I have been studying Gravitation chapter and there I found one term:

Third cosmic velocity which is also known as interstellar speed. So what is it? What it really tells about? I tried to gather some information and I guess its something about velocity at infinity but still I am not sure what is it.


Cosmic Velocity has nothing to do with infinity.

A cosmic velocity is the minimum speed directed in the necessary direction to escape the gravitational attraction of a cosmic body such as a planet, a star, or a galaxy.

Here is a paper which a student wrote about the four cosmic velocities. I don't know if his exact classifications are in common usage, but here it is for what it's worth:

The cosmic velocities (Krzysztof Mastyna) (NB: PDF)

Here is a much more reliable analysis of the Third Cosmic Velocity:

Controversies about the value of the third cosmic velocity (NB: PDF)

You might also google Escape Velocity.

  1. It's probably too late to change custom & convention now, but technically it is a speed rather than a velocity, since it refers to the magnitude of a velocity vector. The third cosmic speed $v_3\approx 16.7 km/s$ is the initial escape speed needed for an un-powered projectile launched from a (non-rotating but orbiting) Earth to leave the gravity well of the solar system.

  2. The simplest derivation is probably to consider the specific kinetic energy of the projectile relative to an instantaneous inertial frame for Earth. If Earth have been massless, then the specific kinetic escape energy would have been $$ \frac{1}{2}(v_{2,S} -v_{1,S})^2 ,\tag{1}$$ where $$ v_{1,S} ~:=~\sqrt{\frac{GM_S}{R_{SE}}}\tag{2}$$ is the orbital speed of Earth, and where $$ v_{2,S}~:=~\sqrt{2} v_{1,S} \tag{3}$$ is the escape speed from the Sun's gravity, starting from Earth's position. (Both speeds $v_{1,S}$ and $v_{2,S}$ are measured relative to the Heliocentric reference frame.)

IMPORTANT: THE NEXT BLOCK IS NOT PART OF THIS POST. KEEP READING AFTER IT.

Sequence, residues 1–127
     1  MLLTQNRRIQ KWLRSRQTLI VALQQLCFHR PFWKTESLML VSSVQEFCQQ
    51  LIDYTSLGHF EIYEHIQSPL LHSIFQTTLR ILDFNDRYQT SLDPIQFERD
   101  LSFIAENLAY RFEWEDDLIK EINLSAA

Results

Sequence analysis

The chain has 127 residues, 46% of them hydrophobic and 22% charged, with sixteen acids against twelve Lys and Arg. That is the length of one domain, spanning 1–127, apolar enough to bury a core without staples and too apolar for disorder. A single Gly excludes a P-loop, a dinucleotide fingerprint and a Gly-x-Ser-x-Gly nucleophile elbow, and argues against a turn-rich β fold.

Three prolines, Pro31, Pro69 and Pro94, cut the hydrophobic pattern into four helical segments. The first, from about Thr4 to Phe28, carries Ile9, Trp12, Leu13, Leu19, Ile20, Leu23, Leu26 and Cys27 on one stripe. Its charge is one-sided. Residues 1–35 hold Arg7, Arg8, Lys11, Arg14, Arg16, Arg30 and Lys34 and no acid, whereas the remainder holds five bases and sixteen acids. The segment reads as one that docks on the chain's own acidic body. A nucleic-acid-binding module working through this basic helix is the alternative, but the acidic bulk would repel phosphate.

3. Taking the Earth's gravitation into account, with escape speed (=the second cosmic speed) $$ v_2~:=~\sqrt{\frac{2GM_E}{R_{E}}}, \tag{4}$$ the specific kinetic escape energy becomes in total $$ \frac{1}{2}v_3^2~=~\frac{1}{2}v_2^2+\frac{1}{2}(v_{2,S} -v_{1,S})^2,\tag{5} $$ from which we can deduce the third cosmic speed $v_3$. Above we have used various simplifying assumptions. See Refs. 1 & 2 for more details.


  1. S. Halas & A. Pacek, Controversies about the value of the third cosmic velocity, Ann. Phys. Sec. AAA 68 (2013) 63. (Hat tip: Ernie.)

  2. http://hirophysics.com/Study/first-second-third-cosmic-velocities-blackholes.pdf


In physics, escape velocity is the speed at which the sum of an object's kinetic energy and its gravitational potential energy is equal to zero.[nb 1] It is the speed needed to "break free" from the gravitational attraction of a massive body, without further propulsion, i.e., without spending more fuel.

For a spherically symmetric massive body such as a (non-rotating) star or planet, the escape velocity at a given distance is calculated by the formula[1]

$$v_e = \sqrt{\frac{2GM}{r}}$$


Third cosmic velocity is the velocity required to throw an object out of the solar system from the surface of earth to infinity with considering the gravitational effects of only sun and earth and ignoring the gravitational effects of other planets.


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